On foot, by contrast, the world inhabits not only the eye, but also the ear and not seldom the nose. It touches the skin and even the tongue, and it does all this at a stately pace. The horizon manifests its mysteries with exquisite leisure, charging the initiate in both time and sweat for the pleasure. Objects rise up, pass, and linger in the distance, giving you plenty of time to observe, to digest, to think. The road trip may be the modern rite of passage, but as is usually the case with technology, for all we gained, something was lost — richness of experience, in this case. Which, after all, is the stuff of life.

Thursday data: digging into the numbers and the market

Two recent studies have me digging into data on the market for cities and urban life, though both are unrelated. One is the recently-released census data, and the second is a worldwide survey on the sharing economy.

As I noted last week, the Census Bureau released some new numbers on 2013 population. As Pete Saunders noted, the numbers are complicated by the fact that some large cities have a lot of car-oriented development in their city limits, and quite a few suburbs are very walkable places. So, a clean city/suburb distinction is tricky, as is a pre-WWII/post-WWII. William H. Frey has this take on the numbers:

Still, the new numbers for 2012-13, suggest a closing of the city-suburb growth gap with the small downtick in city growth and an even tinier suburban growth uptick. This modest suburban growth rise is reinforced by a separate updated analysis of exurban counties that showed their population growth rise from a low 0.4 percent in 2011-2012 to 0.6 percent in 2012-2013. This is still well below the exurban growth rates of around 2 percent during the high suburbanization years in the middle of last decade.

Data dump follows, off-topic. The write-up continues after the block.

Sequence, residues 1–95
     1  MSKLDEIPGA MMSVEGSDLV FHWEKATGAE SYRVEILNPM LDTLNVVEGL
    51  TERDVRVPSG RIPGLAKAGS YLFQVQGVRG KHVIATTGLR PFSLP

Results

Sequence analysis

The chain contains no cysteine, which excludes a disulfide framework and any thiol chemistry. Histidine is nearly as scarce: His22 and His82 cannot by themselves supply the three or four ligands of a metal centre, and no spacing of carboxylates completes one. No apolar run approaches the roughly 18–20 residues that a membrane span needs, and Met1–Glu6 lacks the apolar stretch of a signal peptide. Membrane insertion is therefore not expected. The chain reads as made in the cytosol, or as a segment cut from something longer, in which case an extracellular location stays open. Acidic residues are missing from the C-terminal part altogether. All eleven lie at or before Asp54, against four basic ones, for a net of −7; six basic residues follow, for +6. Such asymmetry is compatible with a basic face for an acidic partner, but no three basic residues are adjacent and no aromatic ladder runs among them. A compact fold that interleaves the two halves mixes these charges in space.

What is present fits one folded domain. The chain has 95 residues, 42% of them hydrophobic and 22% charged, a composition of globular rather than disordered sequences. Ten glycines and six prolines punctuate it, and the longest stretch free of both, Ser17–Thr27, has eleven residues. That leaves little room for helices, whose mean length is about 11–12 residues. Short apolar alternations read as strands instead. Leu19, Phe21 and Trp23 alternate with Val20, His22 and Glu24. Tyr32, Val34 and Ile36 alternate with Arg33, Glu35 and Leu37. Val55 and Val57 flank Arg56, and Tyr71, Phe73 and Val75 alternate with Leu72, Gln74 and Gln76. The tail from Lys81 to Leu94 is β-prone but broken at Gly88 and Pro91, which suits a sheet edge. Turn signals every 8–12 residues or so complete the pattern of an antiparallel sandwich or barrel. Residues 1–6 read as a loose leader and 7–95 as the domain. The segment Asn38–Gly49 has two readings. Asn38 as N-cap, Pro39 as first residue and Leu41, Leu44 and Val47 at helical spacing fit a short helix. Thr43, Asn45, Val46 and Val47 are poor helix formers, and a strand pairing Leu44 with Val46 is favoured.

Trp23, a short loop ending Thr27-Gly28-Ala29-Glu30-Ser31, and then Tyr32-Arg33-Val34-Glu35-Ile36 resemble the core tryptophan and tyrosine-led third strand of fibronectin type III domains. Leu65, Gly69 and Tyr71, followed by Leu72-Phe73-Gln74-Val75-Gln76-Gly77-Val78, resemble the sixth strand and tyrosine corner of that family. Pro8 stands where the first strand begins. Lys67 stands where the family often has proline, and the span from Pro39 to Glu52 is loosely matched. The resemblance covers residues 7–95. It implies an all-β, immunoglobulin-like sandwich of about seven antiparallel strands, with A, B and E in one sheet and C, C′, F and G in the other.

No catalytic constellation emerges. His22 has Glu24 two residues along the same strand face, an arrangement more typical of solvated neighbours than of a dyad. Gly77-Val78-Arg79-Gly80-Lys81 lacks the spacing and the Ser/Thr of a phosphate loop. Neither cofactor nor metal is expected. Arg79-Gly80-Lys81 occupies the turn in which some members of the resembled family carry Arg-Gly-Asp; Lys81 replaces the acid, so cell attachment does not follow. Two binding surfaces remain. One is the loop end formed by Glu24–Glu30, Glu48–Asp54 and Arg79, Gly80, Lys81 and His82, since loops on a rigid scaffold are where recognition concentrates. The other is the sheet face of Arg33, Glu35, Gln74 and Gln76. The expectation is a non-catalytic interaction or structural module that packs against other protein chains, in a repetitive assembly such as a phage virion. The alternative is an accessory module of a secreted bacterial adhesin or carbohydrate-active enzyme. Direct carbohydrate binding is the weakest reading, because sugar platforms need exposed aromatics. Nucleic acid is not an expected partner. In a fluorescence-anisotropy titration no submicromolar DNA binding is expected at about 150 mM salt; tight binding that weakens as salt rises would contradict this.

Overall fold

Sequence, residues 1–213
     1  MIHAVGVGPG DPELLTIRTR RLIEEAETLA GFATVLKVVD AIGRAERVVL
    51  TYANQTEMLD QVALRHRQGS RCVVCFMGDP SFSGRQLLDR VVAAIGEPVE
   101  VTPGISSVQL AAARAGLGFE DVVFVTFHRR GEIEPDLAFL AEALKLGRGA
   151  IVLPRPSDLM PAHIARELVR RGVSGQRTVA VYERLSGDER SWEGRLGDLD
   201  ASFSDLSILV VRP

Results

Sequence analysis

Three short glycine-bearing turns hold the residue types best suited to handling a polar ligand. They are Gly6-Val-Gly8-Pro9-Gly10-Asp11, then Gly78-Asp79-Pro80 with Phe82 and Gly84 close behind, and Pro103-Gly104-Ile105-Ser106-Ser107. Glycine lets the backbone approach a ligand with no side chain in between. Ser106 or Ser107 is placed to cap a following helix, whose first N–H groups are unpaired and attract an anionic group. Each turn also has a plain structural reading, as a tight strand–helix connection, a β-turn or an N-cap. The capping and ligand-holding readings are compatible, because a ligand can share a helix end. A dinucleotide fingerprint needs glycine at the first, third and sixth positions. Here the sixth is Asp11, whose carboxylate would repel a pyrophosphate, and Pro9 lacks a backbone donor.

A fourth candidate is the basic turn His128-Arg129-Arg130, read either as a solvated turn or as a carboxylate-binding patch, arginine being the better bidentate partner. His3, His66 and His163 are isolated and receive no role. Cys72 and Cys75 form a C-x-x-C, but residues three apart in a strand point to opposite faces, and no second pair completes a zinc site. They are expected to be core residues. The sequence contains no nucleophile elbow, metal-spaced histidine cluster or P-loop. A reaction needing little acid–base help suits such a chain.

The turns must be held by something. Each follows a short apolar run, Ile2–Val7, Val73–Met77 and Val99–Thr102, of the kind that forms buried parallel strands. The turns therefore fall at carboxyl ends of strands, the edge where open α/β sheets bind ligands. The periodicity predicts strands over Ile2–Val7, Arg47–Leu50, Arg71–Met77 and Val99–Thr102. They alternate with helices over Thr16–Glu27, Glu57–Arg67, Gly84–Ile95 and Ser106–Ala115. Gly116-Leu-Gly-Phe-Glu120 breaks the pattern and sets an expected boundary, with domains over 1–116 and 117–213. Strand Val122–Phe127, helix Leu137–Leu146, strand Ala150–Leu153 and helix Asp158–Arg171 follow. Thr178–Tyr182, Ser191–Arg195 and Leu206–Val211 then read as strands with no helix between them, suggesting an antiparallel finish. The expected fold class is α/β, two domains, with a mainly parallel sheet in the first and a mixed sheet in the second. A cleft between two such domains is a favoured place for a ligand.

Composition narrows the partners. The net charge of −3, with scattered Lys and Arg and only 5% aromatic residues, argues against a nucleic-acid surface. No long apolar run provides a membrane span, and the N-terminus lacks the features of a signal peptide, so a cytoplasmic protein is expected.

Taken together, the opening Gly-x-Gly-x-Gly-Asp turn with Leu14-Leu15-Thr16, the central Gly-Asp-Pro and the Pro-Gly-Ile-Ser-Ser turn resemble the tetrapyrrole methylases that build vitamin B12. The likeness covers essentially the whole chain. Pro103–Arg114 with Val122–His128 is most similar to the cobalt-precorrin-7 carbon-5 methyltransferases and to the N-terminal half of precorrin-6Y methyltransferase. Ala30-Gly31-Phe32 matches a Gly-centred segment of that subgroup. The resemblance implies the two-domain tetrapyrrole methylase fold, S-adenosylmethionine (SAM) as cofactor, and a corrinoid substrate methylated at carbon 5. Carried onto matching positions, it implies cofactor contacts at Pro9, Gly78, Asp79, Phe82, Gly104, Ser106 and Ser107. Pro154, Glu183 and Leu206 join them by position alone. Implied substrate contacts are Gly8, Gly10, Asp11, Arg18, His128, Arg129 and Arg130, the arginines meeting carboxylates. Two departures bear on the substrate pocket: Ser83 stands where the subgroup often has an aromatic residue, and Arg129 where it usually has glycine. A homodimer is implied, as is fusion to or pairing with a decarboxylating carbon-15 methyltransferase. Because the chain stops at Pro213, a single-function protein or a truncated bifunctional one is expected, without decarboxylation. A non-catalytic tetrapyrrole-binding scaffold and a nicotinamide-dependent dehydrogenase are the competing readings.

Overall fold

So where are cities headed for the rest of the decade? This initial city growth upsurge could well be attributable to recession’s aftermath and the suburban housing market slowdown. If that were the case, then the  newly reported city growth slowdown and modest exurban gains could  signal that past suburban growth patterns are re-emerging.

Yet city growth levels remain strong by the standards of recent history. Moreover, the cities that are growing most rapidly are located in areas with economies and amenities that are attractive to millennials, graduates and young professionals, who make up a growing portion of potential movers. So while it is too soon to anoint this the “decade of the city,” the persistence of big city growth is hard to ignore.

Andy Kiersz strikes a contrary note:

Americans still love the suburbs, and are still moving there from big cities.